There are several reasons why video art is underexposed. Part of it has to do with the hard-to-shake reputation that video art is just too campy and esoteric — an opinion espoused by Jack Donaghy and anyone else who believes that art is exclusively paintings of men on horses. Another reason is the attitude that of a lot of influential, opinionated video artists share: they simply aren’t comfortable offering their wares to just anyone, and would rather sell the things they’ve made on glitzy-looking DVDs to a few collectors and museums, as they would a painting or a sculpture.
Still other video artists are concerned that their work might be misidentified as films. This anxiety leads them to seek out venues for their work (warehouse art galleries and hard-to-find back-room viewing rooms) that will grant them the power to have it appreciated on its own terms. Artists may care about a disembodied feel of a projected work in a more open-air setting, or they may want to take advantage of the sculptural qualities of placing one or many TV monitors in the gallery space. For genuine aesthetic reasons, many great works of video art are not meant to be seen on someone’s TV or laptop at home.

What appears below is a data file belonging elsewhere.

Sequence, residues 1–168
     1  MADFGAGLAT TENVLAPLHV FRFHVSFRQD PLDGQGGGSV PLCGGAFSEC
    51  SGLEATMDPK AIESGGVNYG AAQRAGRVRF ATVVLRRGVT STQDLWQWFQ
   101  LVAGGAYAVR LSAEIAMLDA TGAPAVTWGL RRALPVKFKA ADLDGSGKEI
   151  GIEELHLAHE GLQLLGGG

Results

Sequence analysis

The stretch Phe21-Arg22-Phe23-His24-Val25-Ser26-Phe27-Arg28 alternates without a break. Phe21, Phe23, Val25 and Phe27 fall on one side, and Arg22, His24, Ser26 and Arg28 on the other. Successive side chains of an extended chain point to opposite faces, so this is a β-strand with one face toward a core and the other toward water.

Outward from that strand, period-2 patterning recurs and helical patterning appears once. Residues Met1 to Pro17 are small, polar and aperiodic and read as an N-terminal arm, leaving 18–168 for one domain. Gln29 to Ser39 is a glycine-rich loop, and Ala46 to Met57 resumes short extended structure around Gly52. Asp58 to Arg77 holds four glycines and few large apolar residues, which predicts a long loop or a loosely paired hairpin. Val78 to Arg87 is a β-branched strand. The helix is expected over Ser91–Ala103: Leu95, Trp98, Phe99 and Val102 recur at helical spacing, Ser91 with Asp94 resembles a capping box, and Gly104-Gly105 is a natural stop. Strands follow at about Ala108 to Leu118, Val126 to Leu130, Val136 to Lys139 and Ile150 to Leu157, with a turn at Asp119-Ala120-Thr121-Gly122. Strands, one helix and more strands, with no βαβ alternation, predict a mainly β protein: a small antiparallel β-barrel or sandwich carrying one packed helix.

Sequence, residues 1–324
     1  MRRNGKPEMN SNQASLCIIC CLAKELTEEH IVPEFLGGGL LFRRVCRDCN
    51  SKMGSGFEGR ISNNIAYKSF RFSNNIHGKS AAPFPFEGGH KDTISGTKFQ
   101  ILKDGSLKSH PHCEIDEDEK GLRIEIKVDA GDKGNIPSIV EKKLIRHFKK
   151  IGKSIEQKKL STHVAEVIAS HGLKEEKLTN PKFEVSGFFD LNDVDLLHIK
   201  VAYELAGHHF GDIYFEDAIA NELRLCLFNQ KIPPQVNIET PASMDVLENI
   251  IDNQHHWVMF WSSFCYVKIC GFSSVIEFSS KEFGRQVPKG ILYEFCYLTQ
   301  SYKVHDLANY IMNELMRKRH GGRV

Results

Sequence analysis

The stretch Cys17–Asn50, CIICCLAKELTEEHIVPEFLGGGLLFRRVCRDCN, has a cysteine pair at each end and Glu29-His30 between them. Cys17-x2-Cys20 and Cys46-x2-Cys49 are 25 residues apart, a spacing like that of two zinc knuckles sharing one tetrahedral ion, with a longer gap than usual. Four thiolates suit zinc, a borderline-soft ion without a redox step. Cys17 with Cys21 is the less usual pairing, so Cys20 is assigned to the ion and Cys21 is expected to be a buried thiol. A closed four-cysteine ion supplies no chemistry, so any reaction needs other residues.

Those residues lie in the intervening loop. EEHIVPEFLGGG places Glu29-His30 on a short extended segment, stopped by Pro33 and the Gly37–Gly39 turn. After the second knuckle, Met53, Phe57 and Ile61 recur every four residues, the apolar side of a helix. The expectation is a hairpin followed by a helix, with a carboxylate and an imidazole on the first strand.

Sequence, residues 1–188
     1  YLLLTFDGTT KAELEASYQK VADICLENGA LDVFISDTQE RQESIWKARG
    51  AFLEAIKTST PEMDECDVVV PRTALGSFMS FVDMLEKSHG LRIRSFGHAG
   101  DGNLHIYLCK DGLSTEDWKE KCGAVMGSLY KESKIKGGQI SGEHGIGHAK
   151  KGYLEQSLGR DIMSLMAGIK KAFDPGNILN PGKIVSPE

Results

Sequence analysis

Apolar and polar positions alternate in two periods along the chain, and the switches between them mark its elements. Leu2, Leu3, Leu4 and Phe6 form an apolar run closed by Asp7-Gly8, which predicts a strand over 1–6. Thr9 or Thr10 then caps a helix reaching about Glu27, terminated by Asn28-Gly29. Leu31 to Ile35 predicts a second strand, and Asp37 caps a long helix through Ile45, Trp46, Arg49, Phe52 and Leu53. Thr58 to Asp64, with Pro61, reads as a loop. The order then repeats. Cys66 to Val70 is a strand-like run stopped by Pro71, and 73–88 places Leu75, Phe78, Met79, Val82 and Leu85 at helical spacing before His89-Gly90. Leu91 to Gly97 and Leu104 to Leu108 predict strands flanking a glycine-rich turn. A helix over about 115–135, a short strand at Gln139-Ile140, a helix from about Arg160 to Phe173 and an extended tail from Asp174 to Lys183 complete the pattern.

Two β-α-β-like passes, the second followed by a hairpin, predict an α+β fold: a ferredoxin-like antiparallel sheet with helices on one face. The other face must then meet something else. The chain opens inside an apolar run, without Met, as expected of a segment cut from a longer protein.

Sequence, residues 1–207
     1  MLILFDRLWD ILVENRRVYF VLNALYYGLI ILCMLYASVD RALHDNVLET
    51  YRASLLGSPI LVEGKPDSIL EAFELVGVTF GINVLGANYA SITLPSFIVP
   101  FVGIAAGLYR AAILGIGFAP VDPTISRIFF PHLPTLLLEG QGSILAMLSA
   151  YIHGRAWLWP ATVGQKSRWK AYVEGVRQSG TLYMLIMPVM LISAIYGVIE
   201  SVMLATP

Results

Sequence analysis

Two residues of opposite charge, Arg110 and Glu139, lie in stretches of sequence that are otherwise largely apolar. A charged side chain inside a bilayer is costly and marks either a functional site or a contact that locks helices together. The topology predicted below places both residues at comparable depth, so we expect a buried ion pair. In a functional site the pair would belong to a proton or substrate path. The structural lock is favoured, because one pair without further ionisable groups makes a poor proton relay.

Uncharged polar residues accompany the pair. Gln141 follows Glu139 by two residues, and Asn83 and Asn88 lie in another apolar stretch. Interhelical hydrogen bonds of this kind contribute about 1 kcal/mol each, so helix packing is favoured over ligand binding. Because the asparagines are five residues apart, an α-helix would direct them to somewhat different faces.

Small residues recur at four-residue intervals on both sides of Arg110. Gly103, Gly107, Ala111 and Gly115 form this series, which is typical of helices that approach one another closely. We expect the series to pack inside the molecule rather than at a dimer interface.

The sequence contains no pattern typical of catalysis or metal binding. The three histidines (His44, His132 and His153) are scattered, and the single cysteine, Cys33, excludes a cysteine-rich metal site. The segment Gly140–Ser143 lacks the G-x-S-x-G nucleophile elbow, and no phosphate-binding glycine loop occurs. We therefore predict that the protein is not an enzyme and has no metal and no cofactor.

But a lot of them can be. For anyone who is enamored with film or remains a devotee of performance, video art can be like a happy marriage between the two. The great works of video art that are available to watch online are like a never-ending museum that is always growing and never closes. This collection should serve as a compact introduction to video art for anyone who’s uninitiated or a handy compilation for anyone who loves the medium but has some trouble finding the good stuff online. Enjoy!